Baby Carrots Marketed as Junk Food
As reported in the Associated Press by Emily Fredrix, starting this week, to promote the consumption of baby carrots, baby carrot farmers and marketers are launching an ad campaign that features the orange root vegetable in new, jazzed up packaging and slogans that marketers are convinced would encourage children to eat more of a veggie that's rich in beta-carotene. "Eat 'Em Like Junk Food" touts the ad campaign.
The online ad features metal music and deep male voices chanting "Baby. Carrots. Extreme." On social networking site Twitter, the campaign's account suggests people eat them "like there's no tomorrow." Seriously?
Alright, I see the point. Veggies are boring and it's difficult to coax kids into eating them, but here's the problem with ad campaigns that try to sell healthy food by making it appear risky, edgey, snazzy, and all that jazz: it reinforces the misconception that anything that appears risky is attractive; that anything that's boring should be avoided. So at the end of the day, nothing changes. What about lettuce, kale, broccoli, radish, beets? Should all these be packaged and marketed as junk food too in order to attract the attention of children?
The aim should be to teach kids the many reason why eating healthy benefits them so that they would choose to eat healthy for their own good. I've seen an 8-year-old child stand in front of a Krispy Kreme counter with a wide array of donuts only to turn down the sugary fried dough and ask for fresh, whole fruit instead. When I asked him why he'd choose fruit over sugar glazed, sprinkles covered, chocolate dipped donuts, his answer was: "It's too sweet." His mother, who is my aunt, is a medical doctor and she has conditioned his taste buds so that he actually doesn't like overly sweet desserts. This incident transpired in an airport. After a long plane trip from Down Under, my aunt asked me to take her son and find him something to eat while she goes to baggage claim to retrieve their luggage. I mistakenly thought that him being 8 years old, born and raised in Perth, Australia, he'd like to experience something that's typically American. I'm sure they have donuts in Australia, but I wasn't sure Krispy Kreme had made it there as a franchise. I was both amazed that he'd turn down donuts and shamed that I ever even thought to offer him Krispy Kreme donuts. He is evidence that it's not impossible to teach a child to eat healthy.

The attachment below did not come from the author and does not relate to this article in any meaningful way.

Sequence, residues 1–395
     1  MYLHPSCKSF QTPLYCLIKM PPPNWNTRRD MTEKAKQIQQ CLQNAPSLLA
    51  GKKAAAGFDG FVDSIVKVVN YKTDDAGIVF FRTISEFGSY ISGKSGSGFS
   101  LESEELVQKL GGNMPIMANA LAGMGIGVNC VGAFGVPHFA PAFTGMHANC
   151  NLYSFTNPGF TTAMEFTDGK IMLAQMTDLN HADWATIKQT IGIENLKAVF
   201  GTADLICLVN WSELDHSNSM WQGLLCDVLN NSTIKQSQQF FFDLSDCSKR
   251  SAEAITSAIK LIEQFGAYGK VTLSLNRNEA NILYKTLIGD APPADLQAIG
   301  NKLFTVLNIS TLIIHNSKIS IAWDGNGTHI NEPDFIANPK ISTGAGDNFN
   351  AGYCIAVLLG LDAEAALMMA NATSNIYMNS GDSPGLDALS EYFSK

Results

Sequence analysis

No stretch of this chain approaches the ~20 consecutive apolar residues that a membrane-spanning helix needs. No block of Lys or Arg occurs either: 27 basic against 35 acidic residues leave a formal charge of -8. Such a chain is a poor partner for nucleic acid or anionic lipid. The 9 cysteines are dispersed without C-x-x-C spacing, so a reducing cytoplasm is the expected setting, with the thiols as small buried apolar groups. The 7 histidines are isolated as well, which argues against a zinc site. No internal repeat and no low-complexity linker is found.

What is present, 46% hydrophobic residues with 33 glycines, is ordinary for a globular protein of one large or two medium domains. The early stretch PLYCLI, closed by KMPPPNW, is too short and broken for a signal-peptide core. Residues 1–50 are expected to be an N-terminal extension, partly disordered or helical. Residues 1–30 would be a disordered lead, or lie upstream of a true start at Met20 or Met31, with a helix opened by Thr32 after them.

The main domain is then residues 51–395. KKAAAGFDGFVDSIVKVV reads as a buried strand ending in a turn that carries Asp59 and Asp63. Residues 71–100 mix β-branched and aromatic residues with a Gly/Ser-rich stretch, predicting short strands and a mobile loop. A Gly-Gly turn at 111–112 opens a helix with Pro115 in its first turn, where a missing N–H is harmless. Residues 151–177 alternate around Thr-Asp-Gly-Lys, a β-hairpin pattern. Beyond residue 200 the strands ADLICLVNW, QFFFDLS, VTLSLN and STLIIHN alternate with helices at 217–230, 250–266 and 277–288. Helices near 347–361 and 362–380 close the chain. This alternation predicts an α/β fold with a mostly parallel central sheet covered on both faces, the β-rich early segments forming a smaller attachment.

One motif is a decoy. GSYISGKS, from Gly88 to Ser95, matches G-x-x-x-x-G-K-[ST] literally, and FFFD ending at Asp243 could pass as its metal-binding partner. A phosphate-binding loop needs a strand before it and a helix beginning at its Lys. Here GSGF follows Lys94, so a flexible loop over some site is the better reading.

Questions such as: Do you want to perform better at school? Do you want to maintain a healthy weight? Do you want a face unblemished by acne and hair without split ends? Do you want to feel full rather than hungry? Do you want energy that doesn't come with spikes and slumps? Do you want to avoid getting sick by bolstering your immune system? Would you like to sleep soundly and not feel wired up because you ate too much refined sugar before going to bed?Continued on the next page